Aside from plot retardation (like Millie naively following along with no questions asked, or Jackson electrocuting Jumpers just because, or Hayden Christiansen pretending to be a bad ass), the interesting concept for a story was drowned, maimed, and cindered in the span of an agonizing 90 minutes. The movie started out well. I was engaging, and I was curious to see how it would all work out. Then, that great 20 minutes were followed by the introduction of the grown-up David (AKA Christiansen). Throw in the Snakes on a Plane actor, and you've got yourself a flop.

So Jumper is not good. Don't jump!

Movie Review by Jenn Bollish at 9:50 PM 0 comments  

The Other Boleyn Girl

Wednesday, October 01, 2008


One of my favorite teachers, Mr. Armstrong, taught AP European History. During the first week of class, I had been listening diligently to one of his lectures, and for one moment I focused on my notes when suddenly, he calls my name. He's waiting for my answer. The last thing he was talking about before I zoned out was Germany. The question was, "Where does he live?" So I answered, "Berlin . . ?" In actuality, the question was "Where does the pope live." And that, of course, was the wrong answer. So from then on, every once in a while, if Mr. Armstrong thought I was drifting off . . . he'd yell "Jennifer! Where's the pope!?!" And I'd answer, "The Vatican, Mr. Armstrong." But aside from learning where the pope lived, I learned about Anne Boleyn and her integral part to the Church of England.

The Other Boleyn Girl focuses on Henry VIII's affair with Mary Boleyn (Scarlett Johansson) and the struggle between two sisters over the same man. Mary is shy and beautiful while Anne (Natalie Portman) is witty and daring. In an attempt to raise their family standings, the Boleyn parents sought to make Anne King Henry's mistress. However, when her first attempt fails to get his attention, he notices the quiet, but stunning Mary instead. Mary becomes his mistress while Anne is sent off to France for some feminine refinement. Anne returns some years later, after the King has grown tired of Mary, and King Henry becomes infatuated with her. And when sisters fight over the same man, things get pretty ugly.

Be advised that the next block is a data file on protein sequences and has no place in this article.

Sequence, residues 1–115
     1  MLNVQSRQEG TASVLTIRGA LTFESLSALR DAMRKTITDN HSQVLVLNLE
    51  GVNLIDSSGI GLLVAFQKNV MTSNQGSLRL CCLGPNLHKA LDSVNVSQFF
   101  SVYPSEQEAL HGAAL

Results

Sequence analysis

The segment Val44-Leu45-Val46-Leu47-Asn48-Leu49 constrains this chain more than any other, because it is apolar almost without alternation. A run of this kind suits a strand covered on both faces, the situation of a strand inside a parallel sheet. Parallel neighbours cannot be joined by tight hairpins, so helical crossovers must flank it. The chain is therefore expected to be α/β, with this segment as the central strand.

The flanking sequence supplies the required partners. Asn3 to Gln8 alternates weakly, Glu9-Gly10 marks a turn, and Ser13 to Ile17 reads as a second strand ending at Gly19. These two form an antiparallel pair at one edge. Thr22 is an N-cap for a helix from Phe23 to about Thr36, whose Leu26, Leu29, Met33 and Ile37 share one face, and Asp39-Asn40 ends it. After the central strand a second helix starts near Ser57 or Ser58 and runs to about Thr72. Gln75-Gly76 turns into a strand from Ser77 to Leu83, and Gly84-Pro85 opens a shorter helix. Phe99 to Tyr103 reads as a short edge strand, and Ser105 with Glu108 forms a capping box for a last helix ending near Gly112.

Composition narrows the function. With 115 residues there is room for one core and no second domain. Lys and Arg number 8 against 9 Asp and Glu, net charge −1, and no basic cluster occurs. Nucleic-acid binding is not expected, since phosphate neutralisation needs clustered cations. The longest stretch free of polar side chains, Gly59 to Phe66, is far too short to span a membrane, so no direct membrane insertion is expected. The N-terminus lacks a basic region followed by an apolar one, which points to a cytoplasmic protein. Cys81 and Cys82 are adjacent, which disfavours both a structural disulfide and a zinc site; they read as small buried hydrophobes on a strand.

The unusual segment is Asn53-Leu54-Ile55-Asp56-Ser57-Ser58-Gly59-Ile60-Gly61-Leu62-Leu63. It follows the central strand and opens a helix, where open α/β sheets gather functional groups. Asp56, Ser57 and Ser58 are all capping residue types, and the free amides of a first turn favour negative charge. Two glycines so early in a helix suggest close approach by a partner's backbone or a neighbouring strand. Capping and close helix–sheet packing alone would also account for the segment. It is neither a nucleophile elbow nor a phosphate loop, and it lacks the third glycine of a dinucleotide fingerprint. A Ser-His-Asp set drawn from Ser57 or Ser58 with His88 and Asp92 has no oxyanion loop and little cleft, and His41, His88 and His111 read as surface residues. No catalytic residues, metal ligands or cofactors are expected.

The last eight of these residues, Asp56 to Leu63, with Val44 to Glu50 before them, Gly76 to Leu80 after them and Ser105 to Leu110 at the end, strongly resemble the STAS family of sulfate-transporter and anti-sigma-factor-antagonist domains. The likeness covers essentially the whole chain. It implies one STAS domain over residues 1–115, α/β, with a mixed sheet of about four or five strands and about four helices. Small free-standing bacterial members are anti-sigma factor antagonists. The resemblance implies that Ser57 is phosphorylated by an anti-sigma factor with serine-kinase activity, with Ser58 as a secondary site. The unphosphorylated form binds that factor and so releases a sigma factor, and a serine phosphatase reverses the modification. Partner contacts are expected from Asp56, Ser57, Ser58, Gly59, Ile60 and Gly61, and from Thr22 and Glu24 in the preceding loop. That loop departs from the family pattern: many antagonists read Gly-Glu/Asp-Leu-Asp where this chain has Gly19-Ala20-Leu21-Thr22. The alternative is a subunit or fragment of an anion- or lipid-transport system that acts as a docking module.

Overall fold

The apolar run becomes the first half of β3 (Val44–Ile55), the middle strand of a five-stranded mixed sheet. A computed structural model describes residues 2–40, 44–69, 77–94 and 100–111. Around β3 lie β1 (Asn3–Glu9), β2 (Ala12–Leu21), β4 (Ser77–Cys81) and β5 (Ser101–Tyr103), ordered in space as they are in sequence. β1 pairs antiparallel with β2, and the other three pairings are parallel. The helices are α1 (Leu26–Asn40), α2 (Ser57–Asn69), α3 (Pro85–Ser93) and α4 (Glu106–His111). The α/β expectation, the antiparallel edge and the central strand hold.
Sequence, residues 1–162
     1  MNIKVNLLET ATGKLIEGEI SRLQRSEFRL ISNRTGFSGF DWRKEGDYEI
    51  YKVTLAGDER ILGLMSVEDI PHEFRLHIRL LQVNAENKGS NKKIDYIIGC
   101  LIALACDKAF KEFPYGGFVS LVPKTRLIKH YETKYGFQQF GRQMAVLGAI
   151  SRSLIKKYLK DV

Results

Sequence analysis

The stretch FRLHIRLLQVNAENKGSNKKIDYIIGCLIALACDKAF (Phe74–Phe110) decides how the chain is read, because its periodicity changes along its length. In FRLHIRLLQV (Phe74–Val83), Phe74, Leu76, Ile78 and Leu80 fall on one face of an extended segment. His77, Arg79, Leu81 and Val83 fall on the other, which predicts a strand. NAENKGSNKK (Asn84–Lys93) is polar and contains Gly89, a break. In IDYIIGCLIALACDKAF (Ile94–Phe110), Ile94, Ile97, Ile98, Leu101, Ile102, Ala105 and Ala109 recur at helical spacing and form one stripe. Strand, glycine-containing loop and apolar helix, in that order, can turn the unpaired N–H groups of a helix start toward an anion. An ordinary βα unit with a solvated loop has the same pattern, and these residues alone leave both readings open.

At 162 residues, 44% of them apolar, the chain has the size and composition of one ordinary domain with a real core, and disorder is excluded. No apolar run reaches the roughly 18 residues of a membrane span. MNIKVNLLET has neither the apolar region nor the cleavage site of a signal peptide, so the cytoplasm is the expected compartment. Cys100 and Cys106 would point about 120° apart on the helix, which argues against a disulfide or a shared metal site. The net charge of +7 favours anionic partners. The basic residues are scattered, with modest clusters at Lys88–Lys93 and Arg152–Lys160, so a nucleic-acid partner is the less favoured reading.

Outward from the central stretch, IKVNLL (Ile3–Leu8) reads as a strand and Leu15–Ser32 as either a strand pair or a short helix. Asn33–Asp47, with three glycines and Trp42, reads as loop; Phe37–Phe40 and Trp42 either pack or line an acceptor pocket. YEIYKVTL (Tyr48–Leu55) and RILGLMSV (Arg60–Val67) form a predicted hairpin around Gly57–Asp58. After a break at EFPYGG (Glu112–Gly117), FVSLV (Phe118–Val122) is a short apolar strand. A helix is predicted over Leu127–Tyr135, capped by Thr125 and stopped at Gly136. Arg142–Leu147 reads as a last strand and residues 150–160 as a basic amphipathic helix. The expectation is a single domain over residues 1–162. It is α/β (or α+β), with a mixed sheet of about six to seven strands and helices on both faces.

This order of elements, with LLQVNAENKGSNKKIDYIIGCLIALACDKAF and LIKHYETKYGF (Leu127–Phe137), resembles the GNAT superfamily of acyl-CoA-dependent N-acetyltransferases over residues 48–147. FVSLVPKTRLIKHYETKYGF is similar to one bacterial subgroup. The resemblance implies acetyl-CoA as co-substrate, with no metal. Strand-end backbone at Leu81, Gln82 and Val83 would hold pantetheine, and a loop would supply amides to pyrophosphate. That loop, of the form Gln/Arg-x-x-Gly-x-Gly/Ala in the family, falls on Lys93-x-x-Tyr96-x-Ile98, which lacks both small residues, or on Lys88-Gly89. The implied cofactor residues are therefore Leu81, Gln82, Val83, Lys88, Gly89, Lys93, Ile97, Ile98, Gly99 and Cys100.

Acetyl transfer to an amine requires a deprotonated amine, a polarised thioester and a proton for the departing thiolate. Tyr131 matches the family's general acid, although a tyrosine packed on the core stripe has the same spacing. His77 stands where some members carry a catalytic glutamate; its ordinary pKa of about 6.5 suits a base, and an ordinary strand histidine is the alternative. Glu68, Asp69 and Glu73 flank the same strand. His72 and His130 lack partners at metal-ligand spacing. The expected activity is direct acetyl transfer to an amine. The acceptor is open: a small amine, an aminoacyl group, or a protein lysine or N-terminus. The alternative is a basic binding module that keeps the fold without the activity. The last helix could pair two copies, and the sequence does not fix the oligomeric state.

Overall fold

With two strong female leads, its a wonder that this period piece became such a revolting film. Now, I realize that this was just how it was in the olden days, setting your kids up to become royal sex toys for the betterment of the family, but I was absolutely disgusted. But that isn't so much the film's fault as it is history's fault. What was terrible was the indecisive portrayal of Henry VIII. I have no way of knowing how close the role is to the real person, but as a character, he had no depth or complexities. He was basically a sex fiend who got what he wanted or someone died if he didn't. Completely uninteresting. Same with the plot. Same with Anne and Mary. Although, I must recognize Natalie Portman's dazzling performance as the loving, yet dually selfish sister.

I must say that this article is particularly dull. I blame that on the subject. Don't watch this movie unless you want to catch a glimpse of the cute Jim Sturgess, the Boleyn Brother. Unfortunately, he gets beheaded and he doesn't sing a line. If I spoiled it for you - good. Anything to keep you from watching this film.

Movie Review by Jenn Bollish at 10:32 PM 0 comments